I am holding one of my rare workshops at University of California, San Diego on Oct. 5 that will focus on how to find and pay for colleges. This will probably be the last workshop that I do at UCSD because I truly hate doing the marketing for it.
If you enroll in this 3.5-hour workshop, I promise you that you will leave knowing more about how to afford college and find good matches than at least 95% of parents out there. You can learn more about the workshop by clicking here. If you sign up soon, you will receive a free copy of my workbook, Shrinking the Cost of College. Lynn O’Shaughnessy
On Wednesday U.S. News & World Report released its 2014 college rankings.
The rankings are like catnip to colleges and some parents, which is why millions of people flock to the defunct magazine’s website at this time of year.
There never is any suspense about which schools will emerge triumphant. It’s the same old, same old schools. This year Princeton was No. 1. Last year Harvard and Princeton shared the title and sometime Harvard sits on top of the heap by itself.
I wish that the college rankings were an amusing, meaningless diversion, but they aren’t. Whether you care about the rankings or not – and most families never even look at them – they are helping to boost the cost of college for millions of families across the country.
I elaborated on this in a post that I wrote for my college blog over at CBS MoneyWatch on Wednesday: How U.S. News’ College Rankings Are Hurting Students
Below is an excerpt from the piece:
A College Rankings Winner!
I find it sad that most of the media coverage generated by the latest rankings focused on the rankings’ “winners” and “losers.”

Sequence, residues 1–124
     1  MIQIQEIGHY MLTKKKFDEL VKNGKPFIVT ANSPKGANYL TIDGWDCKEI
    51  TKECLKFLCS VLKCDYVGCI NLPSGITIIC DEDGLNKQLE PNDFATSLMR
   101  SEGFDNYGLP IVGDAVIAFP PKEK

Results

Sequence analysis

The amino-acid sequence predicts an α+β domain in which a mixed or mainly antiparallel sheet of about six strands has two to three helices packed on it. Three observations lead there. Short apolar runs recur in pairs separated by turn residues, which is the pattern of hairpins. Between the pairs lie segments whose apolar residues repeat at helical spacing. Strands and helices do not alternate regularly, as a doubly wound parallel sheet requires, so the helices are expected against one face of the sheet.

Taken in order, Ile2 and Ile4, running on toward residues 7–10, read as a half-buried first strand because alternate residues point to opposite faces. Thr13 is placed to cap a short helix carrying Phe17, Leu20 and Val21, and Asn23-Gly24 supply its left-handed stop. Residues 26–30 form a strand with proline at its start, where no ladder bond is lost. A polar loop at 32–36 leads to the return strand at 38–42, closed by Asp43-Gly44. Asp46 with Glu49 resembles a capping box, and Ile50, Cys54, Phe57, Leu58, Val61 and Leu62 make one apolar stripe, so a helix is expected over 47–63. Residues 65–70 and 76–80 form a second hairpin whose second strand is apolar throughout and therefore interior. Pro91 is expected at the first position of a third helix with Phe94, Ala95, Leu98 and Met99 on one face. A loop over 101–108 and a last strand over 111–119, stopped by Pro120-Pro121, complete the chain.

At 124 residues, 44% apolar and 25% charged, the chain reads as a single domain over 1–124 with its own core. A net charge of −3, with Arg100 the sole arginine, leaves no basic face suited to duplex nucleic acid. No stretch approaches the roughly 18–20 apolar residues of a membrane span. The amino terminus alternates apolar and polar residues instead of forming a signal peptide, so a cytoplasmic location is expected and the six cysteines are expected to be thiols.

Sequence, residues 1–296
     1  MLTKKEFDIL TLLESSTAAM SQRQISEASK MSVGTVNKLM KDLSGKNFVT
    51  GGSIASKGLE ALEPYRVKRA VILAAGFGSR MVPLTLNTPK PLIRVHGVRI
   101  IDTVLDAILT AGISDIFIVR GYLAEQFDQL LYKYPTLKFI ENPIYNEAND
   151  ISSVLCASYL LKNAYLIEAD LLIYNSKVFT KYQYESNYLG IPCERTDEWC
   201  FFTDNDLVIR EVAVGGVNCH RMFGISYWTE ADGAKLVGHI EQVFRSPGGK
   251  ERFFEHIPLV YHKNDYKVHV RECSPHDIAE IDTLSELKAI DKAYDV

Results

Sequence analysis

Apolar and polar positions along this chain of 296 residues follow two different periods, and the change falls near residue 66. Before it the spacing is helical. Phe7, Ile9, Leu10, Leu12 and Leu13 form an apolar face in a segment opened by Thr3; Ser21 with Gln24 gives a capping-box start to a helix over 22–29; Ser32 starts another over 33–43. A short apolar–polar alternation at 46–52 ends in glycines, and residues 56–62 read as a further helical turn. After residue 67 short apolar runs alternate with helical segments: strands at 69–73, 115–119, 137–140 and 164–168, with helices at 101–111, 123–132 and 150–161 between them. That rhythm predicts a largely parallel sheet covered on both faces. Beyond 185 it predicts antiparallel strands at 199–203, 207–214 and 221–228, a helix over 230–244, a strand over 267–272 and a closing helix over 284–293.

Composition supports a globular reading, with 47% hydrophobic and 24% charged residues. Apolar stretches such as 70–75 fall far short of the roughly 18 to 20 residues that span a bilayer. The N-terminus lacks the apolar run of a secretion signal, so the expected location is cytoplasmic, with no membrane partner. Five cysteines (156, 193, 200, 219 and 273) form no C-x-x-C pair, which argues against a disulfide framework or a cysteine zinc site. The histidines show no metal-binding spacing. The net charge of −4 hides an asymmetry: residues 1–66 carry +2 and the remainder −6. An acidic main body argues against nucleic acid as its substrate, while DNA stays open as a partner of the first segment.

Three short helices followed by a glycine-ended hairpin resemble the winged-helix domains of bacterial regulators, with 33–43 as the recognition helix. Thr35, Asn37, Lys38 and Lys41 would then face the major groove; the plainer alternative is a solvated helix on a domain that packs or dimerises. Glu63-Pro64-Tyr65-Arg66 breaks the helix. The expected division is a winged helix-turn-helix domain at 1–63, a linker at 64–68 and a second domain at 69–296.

On that score it was a big day for San Diego State University, which is just five miles from my house. San Diego State was crowing over the fact that it had leaped 31 spots to become the 152nd best “national university.” It enjoyed a larger gain than any other school in this category.
I’m wondering if that higher number is any consolation to the students at San Diego State who can’t graduate in four years. Some of my daughter’s bright high school friends still haven’t managed to graduate from San Diego State 6 1/2 years after they left high school.
As you can see below, just 30.4% of San Diego State’s students graduate in what used to be the traditional eight semester. What’s depressing is that San Diego Stat’s grad rate is actually much better than most Cal State campuses including a school in another fun place to live: San Francisco State’s grad rates is a scandalous 14.2%.
I also should note that like many California State University campuses, all academic majors at San Diego State are impacted. That means there are too many students for the number of slots available for each and every academic major. There is no guarantee, for instance, that a teenager who wants to major in kineseology or psychology or business will be able to do so.
That’s the reality of public education out here in the Golden State. But hey, let’s all celebrate San Diego State’s great rankings coup!
If you are interested in U.S. News’ response to the media that was critical of the rankings, here is a piece by Brian Kelly, the editor at U.S. News & World Report:
What Do You Think?
If you have an opinion about the rankings, I’d love to hear it. Please just use the comment box below.